Fire was a constant worry before the advent of new building materials and remains a major concern today.
The traditional building was mainly constructed of flammable materials. The basic structure was of wood with the walls woven of bamboo or other material and covered with mud and plaster. Floors were wooden or wood covered over with straw mats (tatami). Roofs were often made of thatch although baked tiles were also used, especially in large structures or in response to the danger of fire. Stone was used sparingly, mainly for foundation work. After standing for a few years or decades, a building of this nature would blaze fiercely if set afire.
The home was the location of many fires. The cooking stoves, heating devices (hibachi), tea water heaters, bath heaters and so on were all open fires fueled by charcoal, wood or straw. Carelessness or lack of attention could easily result in a fire. In addition, natural disasters such as storms or earthquakes could start one or more fires. Even as late as 1923, the Great Kanto Earthquake set off numerous fires over a wide area of Tokyo and Yokohama, burning most of the old sections of the cities and killing over 100,000 people. The initial movement of the earth shook apart a few structures, but for every one shaken down, a hundred or a thousand burned in a howling holocaust in the next few days. Even today the greatest worry in a large-scale earthquake is the fires that will inevitably follow the tremors.
Fire was so frequent that Edo was famous for its ‘Flowers of Edo’ (Edo no hana), the fires which occasionally swept through the city, erasing vast tracts. In the middle of the Meiji period, some districts in Nihonbashi in Tokyo were burnt over three times. In order to counteract fires, companies of fire fighters were established. Their primary mission was to starve the fire of fuel; they would quickly pull down houses and open up fire lanes to prevent further spread of the fire. In the late Edo period when the city had about a million residents, there were around 14,000 professional firemen, including the artist Hiroshige before he escaped full-time into the business of art. These companies have, of course, been replaced today by a modern and efficient fire-fighting establishment, but the skills of the old fire-fighters are maintained by organizations which present public demonstrations each year. Wearing thick, fire-resistant coats and clothes of the Edo period, the men scramble up tall ladders held steady by the rest of the company. Once on top, they perform acrobatics such as were useful in actually fighting a fire.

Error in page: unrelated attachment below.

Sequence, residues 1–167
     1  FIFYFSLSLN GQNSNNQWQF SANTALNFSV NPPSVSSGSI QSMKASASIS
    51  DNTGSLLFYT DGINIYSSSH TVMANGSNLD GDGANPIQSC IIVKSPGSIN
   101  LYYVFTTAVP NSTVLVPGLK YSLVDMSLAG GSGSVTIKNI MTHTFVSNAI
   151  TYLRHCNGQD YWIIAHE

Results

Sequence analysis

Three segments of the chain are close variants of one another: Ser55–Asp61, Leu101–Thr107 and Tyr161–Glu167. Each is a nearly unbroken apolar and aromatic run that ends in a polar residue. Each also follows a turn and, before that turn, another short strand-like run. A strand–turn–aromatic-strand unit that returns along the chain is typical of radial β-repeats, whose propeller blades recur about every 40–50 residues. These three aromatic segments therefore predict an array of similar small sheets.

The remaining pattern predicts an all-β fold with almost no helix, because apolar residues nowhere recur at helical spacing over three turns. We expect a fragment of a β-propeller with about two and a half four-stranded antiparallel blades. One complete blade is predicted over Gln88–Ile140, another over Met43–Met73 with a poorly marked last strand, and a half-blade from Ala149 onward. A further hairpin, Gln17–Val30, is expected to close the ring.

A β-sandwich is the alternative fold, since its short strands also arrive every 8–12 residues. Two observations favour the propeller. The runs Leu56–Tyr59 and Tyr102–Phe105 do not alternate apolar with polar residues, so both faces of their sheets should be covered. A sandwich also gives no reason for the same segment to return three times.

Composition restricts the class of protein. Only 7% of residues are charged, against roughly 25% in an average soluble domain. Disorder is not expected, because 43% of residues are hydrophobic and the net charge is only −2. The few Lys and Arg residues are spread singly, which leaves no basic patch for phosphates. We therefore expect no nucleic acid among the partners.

One of the other hold-overs from the past is a tradition present in many urban neighborhoods of fire warnings for the general public. These are either broadcast over a public announcement system in the evening around bedtime, or someone will parade through the streets, slapping together wooden clappers and shouting Hi no yoshin (‘Beware of fire’).
Along the Nakasendo, it is difficult to find a home or inn that dates back more than 150 years and this is mainly due to fire. Even though many an inn or former inn claims roots stretching back to the late 16th century, most have been destroyed by fire during the nineteenth century. Usually rebuilt on the same pattern as before, the inns appear little different, although some post-towns have insisted on fireproof walls between buildings. Many of the inns have open fire pits with the smoke being vented straight up through the rafters to the roof. The walls and timbers which were bright white or yellow when new are now a deep glossy black where they are rubbed down and thick, accumulated soot everywhere else.
Most towns and villages along the Nakasendo still maintain a volunteer fire department, unless it is one of the few towns which has grown to small city status and has a professional fire service. The volunteer fire stations are clearly identifiable by the 25-30 foot tower with a loud speaker and a large bell standing beside a small garage with a small, often antique fire engine. Nearby will be a house for the volunteers to gather on a weekend to talk about techniques or, after a fire, for a celebration of a job well done, hopefully. The volunteers now form a young men’s association and may do most of their group activities through the fire department. With rural depopulation, however, some stations have difficulty mustering enough young men for the task, so any fire will claim at least one complete house. Most of these small departments are called out about twice a year, arriving as quickly as possible on the scene before the professional services reach them to assist.
During the Edo period, the post-towns might have seen several hundred travelers who would be anxious for a relaxing drink of sake after a long day on the road. If they fell to smoking or became rowdy while cooking some fish around the fire pit, fires could easily break out. It was no surprise that more than one post-town had severe punishments for anyone careless enough to cause a fire.